Blind Justice Television movie
American Geisha Television movie
Amazing Stories Episode: The Eternal Mind
1988 Outback Bound Television movie
1989 Mick and Frankie Television movie
Travelling Man Television movie
Money, Power, Murder. Television movie
1990 Tales from the Crypt Episode: The Ventriloquist's Dummy
1992 For Richer, For Poorer Television movie
Indecency Television movie

Other creditsEdit

  • 1983 Gospel (Documentary)
  • 1987 Oh Happy Day (Video)

ReferencesEdit

  1. ^ a b "In Loving Memory of Miles Goodman". Billboard. September 7, 1996. Retrieved March 19, 2016. page 19
  2. ^ a b c d e f g "Miles Goodman, 47, Composer for Films". The New York Times. August 20, 1996. Retrieved February 20, 2015.
  3. ^ a b c d e f g h i j Jablon, Robert (August 18, 1996). "MILES GOODMAN, FILM COMPOSER AND JAZZ RECORD PRODUCER, DIES". Associated Press. Retrieved February 22, 2015.
  4. ^ a b c d e f g h i j k l Oliver, Myrna (August 20, 1996). "Miles Goodman; Record Producer, Film Composer". Los Angeles Times. Retrieved February 20, 2015.
  5. ^ a b c d e f g h i "Miles Goodman: Composer". Sarasota Herald-Tribune. August 22, 1996. Retrieved February 20, 2015.
  6. ^ a b c d e f g h "Record producer, composer Miles Goodman dies at 47". The Daily Gazette. August 21, 1996. Retrieved February 22, 2015.
  7. ^ a b c d e f g h i j Magro, Anthony (2002). Contemporary Cat: Terence Blanchard with Special Guests. Scarecrow Press. ISBN 9780810843233.
  8. ^ a b c d Macnie, Jim (September 7, 1996). "Jazz: Blues Notes". Billboard. Retrieved April 30, 2015.
  9. ^ Szpirglas, Jeff (February 21, 2012). "Looking back at Teen Wolf". Den of Geek. Retrieved April 29, 2015.
  10. ^ a b "Miles Goodman, Composer For Films". Sun-Sentinel. August 21, 1996. Retrieved February 22, 2015.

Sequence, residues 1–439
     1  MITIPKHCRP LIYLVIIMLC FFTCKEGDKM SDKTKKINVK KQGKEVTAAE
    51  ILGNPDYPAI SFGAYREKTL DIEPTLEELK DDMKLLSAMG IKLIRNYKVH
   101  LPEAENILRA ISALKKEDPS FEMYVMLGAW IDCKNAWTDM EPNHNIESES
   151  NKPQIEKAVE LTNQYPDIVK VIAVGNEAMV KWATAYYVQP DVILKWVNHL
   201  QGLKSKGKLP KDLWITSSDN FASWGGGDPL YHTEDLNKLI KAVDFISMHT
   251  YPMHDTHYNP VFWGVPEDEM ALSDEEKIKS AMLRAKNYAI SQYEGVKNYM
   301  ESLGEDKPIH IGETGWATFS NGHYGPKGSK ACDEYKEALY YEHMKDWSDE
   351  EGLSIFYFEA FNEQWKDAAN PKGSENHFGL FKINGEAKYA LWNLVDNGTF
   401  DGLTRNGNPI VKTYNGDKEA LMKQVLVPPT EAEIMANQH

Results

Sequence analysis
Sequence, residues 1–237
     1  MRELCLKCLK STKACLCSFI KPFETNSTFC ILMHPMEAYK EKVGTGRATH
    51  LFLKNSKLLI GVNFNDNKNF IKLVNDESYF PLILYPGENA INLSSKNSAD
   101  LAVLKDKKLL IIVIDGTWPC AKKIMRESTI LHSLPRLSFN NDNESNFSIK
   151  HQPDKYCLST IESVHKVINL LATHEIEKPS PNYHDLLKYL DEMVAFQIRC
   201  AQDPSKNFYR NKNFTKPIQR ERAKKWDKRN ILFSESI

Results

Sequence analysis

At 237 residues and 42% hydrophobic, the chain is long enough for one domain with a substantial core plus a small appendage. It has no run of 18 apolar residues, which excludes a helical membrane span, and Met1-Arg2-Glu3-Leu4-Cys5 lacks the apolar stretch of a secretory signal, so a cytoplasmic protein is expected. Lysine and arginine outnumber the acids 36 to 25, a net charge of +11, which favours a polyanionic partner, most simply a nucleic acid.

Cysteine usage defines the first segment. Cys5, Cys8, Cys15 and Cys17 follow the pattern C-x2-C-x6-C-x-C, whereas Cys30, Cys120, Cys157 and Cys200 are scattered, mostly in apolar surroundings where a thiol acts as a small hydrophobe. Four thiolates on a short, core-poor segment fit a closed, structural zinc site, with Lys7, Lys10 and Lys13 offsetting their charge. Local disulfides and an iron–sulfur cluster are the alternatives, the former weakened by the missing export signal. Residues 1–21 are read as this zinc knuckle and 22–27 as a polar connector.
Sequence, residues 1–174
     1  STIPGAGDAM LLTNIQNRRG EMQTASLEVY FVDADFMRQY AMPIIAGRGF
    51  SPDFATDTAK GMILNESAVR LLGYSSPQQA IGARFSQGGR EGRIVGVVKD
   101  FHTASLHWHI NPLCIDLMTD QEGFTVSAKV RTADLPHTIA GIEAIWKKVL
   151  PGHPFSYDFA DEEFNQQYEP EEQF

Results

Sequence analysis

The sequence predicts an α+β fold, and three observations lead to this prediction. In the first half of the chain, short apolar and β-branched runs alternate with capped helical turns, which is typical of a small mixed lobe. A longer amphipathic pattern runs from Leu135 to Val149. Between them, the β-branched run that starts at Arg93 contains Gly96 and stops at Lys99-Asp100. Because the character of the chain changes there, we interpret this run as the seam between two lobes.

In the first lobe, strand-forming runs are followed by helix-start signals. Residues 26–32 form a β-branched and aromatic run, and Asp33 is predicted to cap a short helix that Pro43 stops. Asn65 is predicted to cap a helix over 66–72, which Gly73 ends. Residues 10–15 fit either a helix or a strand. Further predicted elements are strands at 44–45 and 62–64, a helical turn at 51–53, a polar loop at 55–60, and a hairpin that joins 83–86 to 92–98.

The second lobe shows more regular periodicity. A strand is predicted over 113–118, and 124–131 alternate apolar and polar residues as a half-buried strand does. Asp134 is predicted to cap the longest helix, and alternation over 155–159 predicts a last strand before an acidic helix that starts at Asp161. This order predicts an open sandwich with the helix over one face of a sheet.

11. ^ a b c d e "Deaths". Billboard. September 7, 1996. Retrieved April 29, 2015.
  12. ^ "ETC". Billboard. November 16, 1996. Retrieved May 1, 2015.
  13. ^ Dirty Rotten Scoundrels Variety, December 31, 1987
  14. ^ suatrilha (March 12, 2009). "Miles Goodman - Film Score". YouTube. Retrieved June 7, 2018.
  15. ^ Levenson, Jeff (December 10, 1994). "Sony Jazzes Up Sondheim Tunes for New Album". Billboard. Retrieved May 1, 2015.
  16. ^ a b "Miles Goodman, 47: Composer". The Ledger. August 20, 1996. Retrieved February 22, 2015.
  17. ^ Macnie, Jim (September 30, 1995). "Jazz:Blues Notes". Billboard. Retrieved May 1, 2015.
  18. ^ Horowitz, Is (March 5, 1994). "Sony Bows Three Innovative Classical Videos". Billboard. Retrieved May 1, 2015.
  19. ^ a b Plume, Kenneth (February 10, 2000). "INTERVIEW WITH FRANK OZ". IGN. Retrieved March 12, 2015.
  20. ^ LeBlanc, Larry (December 7, 1996). "SOCAN Awards Canada's Songwriters: Alan Frew, Shania Twain Among Top Winners". Billboard. Retrieved April 30, 2015.
  21. ^ LebLanc, Larry (November 29, 1997). "Cummings Is Top SOCAN Scorer: Guess Who Front Man Honored For 5 Songs". Billboard. Retrieved April 30, 2015.

External linksEdit